Wiping Deleted Data
From Your Old Hard Drive

The Problem

People who upgrade or retire their old computer equipment typically get rid of their old hard drives by selling them, donating them, or simply giving them away. Such people may be surprised to learn that if they have not taken the proper steps to insure that their old data files have been wiped from the disk, the data contained within those files can be recovered by the recipients of the old drive. Personal information such as social security numbers, driver's license numbers, birthdates, bank account numbers, credit card numbers, phone numbers and addresses, personal pictures and images, spreadsheets, emails, word processing documents, etc., can be recovered from old disk drives.

Stealing such information is called "identity theft". Every year the number of people who fall victim to identity theft increases.

Deleting old files is not enough to ensure that their contents are gone. Operating systems allocate files on the disk in "blocks", such that any given file is actually a collection of one or more disk blocks. Deleting a file simply deallocates those blocks, but does not actually erase the contents of those blocks. These deallocated blocks are then free to be used for new files created later, at which time they will be overwritten with new data. But there is no guarantee which blocks will be reused or how soon. The data contained by the original deleted file, which may have been deleted months or even years ago, may still be out there on the disk in one or more unallocated disk blocks.

The only sure way to erase a hard drive is to "squeeze" it, by writing over the old information with new data (all zero bits, for instance) at least once, but preferably several times. There are several commercial security products that do this, including PGP.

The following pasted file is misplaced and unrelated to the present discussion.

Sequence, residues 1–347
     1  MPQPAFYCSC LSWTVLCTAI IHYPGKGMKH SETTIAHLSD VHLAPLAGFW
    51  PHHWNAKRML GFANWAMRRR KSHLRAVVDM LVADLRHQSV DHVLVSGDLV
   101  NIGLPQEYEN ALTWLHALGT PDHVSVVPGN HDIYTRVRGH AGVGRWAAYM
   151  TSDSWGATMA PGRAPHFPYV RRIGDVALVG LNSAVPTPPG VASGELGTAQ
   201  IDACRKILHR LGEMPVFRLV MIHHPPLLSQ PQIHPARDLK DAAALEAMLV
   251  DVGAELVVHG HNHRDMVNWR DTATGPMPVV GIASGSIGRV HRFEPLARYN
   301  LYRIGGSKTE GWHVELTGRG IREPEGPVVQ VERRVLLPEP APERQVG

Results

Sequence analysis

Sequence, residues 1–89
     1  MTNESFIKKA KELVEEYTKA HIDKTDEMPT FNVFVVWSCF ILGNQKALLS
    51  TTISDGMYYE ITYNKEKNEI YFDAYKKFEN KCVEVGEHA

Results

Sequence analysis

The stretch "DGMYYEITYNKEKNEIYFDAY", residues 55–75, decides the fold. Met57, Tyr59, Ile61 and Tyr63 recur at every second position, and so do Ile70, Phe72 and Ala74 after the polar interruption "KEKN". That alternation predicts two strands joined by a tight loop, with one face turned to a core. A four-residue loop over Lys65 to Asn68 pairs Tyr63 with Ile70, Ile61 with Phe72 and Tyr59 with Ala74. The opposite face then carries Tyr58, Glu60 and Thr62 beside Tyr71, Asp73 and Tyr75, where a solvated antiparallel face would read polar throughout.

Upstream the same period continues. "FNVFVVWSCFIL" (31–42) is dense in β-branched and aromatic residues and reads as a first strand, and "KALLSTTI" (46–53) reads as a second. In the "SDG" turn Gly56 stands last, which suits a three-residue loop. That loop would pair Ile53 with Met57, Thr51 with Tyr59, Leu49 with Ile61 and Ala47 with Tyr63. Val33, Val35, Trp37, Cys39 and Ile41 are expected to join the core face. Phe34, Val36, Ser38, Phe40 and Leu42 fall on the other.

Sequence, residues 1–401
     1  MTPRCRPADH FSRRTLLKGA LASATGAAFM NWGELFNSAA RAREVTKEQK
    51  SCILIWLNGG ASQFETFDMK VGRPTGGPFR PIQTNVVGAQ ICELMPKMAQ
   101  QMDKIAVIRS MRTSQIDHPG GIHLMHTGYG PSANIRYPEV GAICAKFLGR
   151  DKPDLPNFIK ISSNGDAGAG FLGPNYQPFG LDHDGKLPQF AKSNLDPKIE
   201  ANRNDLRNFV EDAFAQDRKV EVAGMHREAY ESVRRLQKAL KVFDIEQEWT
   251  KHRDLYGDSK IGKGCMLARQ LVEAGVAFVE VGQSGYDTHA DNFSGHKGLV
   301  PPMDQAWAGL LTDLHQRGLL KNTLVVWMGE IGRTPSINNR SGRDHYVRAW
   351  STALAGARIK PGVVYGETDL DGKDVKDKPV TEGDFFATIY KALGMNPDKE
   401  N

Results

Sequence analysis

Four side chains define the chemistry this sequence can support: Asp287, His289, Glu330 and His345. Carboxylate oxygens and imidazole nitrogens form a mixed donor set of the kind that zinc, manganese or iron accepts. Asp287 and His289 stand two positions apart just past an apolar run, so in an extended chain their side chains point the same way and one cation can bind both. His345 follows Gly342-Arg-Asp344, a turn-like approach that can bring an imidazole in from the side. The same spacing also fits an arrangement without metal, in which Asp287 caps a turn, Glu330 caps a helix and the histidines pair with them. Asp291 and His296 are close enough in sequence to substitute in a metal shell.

The easiest way to do this yourself is to simply create one or more large data files. By creating these files, they reuse unallocated file blocks on the disk, wiping out their old contents and writing new data it its place.

This is not a perfect strategy, of course. Creating new files overwrites the old data blocks only once. Recent advances in magnetic disk technology have made it possible to recover remnant data bits overwritten by new data bits. (This technique takes advantage of the fact that the magnetic head on a hard disk drive wobbles slightly as it flies over the disk surface, so that any given magnetic domain, or bit, is not 100% overwitten but leaves a tiny fraction of the previous magnetic domain in its previous state.) However, this technology is expensive and requires sophisticated equipment, so its use is primarily limited to the FBI and other law enforcement entities. Your typical hacker is not going to be able to recover overwritten data bits.

Source Code

With this strategy in mind, I've written a DOS batch file that fills your hard drive with large data files. This has the effect of wiping out all the unallocated file blocks and all the file blocks from previously deleted files (which may contain sensitive personal information) on the current drive. This is not a guaranteed way to completely wipe out all traces of your old data files, but it's pretty good.

You can cut and paste the text of the source listing below, or you can download the executable batch file from this link:

[ http://david.tribble.com/dos/filldisk.bat ]

Note: Do not execute this link, but simply save it as a file.

You can then open a DOS command window and execute the batch file from the command line. It takes a while to run, especially if you have lots of unused space on your drive.


@echo off